Abstract 1877: Patient Misperceptions about the Survival Benefit of Implantable Defibrillators for Primary Prevention of Death in Heart Failure
Introduction: Broader indications for implantable cardioverter-defibrillators (ICDs) in primary prevention of sudden death may impact >1 million patients with heart failure (HF) though most will die of causes not preventable by ICDs. We examined patient perceptions about the effect of ICDs on survival.
Methods: Pts with LVEF <35% and HF symptoms, without prior VT/VF, cardiac arrest, or syncope, were chosen from 2 referral centers to approximate the SCD-HeFT population in which ICDs saved 7.2 lives per 100 during 5 years. Consent was obtained prior to a questionnaire asking pts to anticipate lives saved by ICDs and circumstances under which they might turn off the device. Responses were compared using Fisher’s Exact Test for proportional differences.
Results: Of 104 pts surveyed, 65% had ICDs, 52% had HF >5yrs, and 37% were NYHA Class III. Mean LVEF was 21% and peak VO2 14 ml/kg/min. Asked about magnitude of benefit, 54% thought ICDs would save ≥50 lives per 100 over 5 years and 97% overestimated the number of lives saved compared to SCD-HeFT. [Figure⇓] Estimates did not differ between pts with and without ICD (p=0.46). More ICD recipients believed the device would definitely save their own life than patients without an ICD (67% vs. 16%, p<0.0001). Despite the ease of programming defibrillation off, 70% of ICD recipients indicated they would keep the ICD on if dying of cancer, 55% would keep it on with daily shocks, and none would inactive defibrillation even for constant dyspnea at rest.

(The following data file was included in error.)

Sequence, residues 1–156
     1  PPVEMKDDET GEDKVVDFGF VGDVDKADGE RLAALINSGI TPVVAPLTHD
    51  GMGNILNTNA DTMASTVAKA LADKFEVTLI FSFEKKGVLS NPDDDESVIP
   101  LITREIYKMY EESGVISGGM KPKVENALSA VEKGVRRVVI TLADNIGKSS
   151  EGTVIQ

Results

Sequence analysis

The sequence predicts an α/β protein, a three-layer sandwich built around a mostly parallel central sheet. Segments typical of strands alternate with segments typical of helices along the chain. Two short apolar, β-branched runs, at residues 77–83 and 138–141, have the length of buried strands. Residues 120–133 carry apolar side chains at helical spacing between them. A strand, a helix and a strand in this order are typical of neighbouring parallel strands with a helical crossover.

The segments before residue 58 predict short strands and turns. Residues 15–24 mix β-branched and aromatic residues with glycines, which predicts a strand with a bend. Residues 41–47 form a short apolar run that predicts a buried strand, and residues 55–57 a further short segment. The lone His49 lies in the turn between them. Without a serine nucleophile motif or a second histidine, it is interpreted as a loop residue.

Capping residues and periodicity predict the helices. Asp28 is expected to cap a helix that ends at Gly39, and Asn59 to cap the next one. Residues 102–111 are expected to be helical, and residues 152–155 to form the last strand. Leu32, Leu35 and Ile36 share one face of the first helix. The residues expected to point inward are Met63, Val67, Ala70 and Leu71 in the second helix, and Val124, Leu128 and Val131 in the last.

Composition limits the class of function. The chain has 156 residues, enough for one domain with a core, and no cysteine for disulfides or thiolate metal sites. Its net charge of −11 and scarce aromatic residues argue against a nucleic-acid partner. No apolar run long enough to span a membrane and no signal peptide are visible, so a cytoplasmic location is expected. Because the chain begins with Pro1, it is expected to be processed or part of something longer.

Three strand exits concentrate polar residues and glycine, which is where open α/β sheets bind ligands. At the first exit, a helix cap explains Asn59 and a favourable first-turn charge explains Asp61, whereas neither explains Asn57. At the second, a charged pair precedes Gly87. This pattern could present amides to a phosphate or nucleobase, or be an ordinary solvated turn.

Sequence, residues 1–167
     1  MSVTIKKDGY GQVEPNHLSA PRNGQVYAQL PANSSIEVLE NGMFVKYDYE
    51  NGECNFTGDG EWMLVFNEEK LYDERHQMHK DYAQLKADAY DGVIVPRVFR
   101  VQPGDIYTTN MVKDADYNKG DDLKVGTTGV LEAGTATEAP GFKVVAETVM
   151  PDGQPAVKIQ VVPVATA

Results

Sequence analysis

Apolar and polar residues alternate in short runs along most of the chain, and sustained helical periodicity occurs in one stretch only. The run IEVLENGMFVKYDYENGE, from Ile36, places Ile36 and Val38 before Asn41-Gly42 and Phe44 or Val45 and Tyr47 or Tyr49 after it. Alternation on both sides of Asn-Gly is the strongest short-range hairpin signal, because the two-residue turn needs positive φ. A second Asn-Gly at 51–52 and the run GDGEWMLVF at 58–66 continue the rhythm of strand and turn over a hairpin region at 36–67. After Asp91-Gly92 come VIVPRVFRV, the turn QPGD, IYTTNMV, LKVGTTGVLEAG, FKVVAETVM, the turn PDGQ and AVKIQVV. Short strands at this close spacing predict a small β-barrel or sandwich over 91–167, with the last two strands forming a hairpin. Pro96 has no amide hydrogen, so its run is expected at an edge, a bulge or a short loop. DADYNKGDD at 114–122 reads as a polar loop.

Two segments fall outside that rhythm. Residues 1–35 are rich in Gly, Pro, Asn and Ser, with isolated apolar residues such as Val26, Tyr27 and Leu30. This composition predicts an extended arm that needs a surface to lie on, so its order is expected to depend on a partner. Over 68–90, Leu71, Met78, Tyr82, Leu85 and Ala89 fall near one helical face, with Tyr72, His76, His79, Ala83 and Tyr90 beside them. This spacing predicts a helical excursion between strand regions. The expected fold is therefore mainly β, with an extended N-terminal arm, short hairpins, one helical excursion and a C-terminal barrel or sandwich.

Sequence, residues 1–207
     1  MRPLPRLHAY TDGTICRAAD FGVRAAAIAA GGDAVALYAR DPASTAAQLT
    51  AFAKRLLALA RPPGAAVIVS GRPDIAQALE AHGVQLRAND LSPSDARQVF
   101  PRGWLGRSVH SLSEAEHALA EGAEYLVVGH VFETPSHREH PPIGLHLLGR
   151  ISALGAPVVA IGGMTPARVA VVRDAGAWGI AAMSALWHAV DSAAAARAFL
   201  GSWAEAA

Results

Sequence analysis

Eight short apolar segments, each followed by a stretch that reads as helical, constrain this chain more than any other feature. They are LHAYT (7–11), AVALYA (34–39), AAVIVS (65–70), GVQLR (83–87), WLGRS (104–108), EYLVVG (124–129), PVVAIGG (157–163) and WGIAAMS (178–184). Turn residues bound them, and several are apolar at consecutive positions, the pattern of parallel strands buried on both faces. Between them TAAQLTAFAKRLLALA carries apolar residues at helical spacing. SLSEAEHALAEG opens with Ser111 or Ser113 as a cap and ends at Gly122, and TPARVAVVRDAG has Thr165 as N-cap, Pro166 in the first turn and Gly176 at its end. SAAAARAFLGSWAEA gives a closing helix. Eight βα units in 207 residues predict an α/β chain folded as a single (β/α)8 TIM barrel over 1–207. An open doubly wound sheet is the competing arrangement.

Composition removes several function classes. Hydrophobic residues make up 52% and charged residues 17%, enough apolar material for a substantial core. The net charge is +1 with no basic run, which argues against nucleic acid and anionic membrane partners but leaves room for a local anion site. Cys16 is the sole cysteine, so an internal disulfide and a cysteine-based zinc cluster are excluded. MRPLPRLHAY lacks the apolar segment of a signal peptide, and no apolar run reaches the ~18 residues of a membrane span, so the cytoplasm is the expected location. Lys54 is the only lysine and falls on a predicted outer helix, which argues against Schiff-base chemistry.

Conclusion: HF pts overestimate the survival benefits of ICDs for primary prevention and are reluctant to turn them off. Their education should include candid discussion about the limitations of ICD benefit.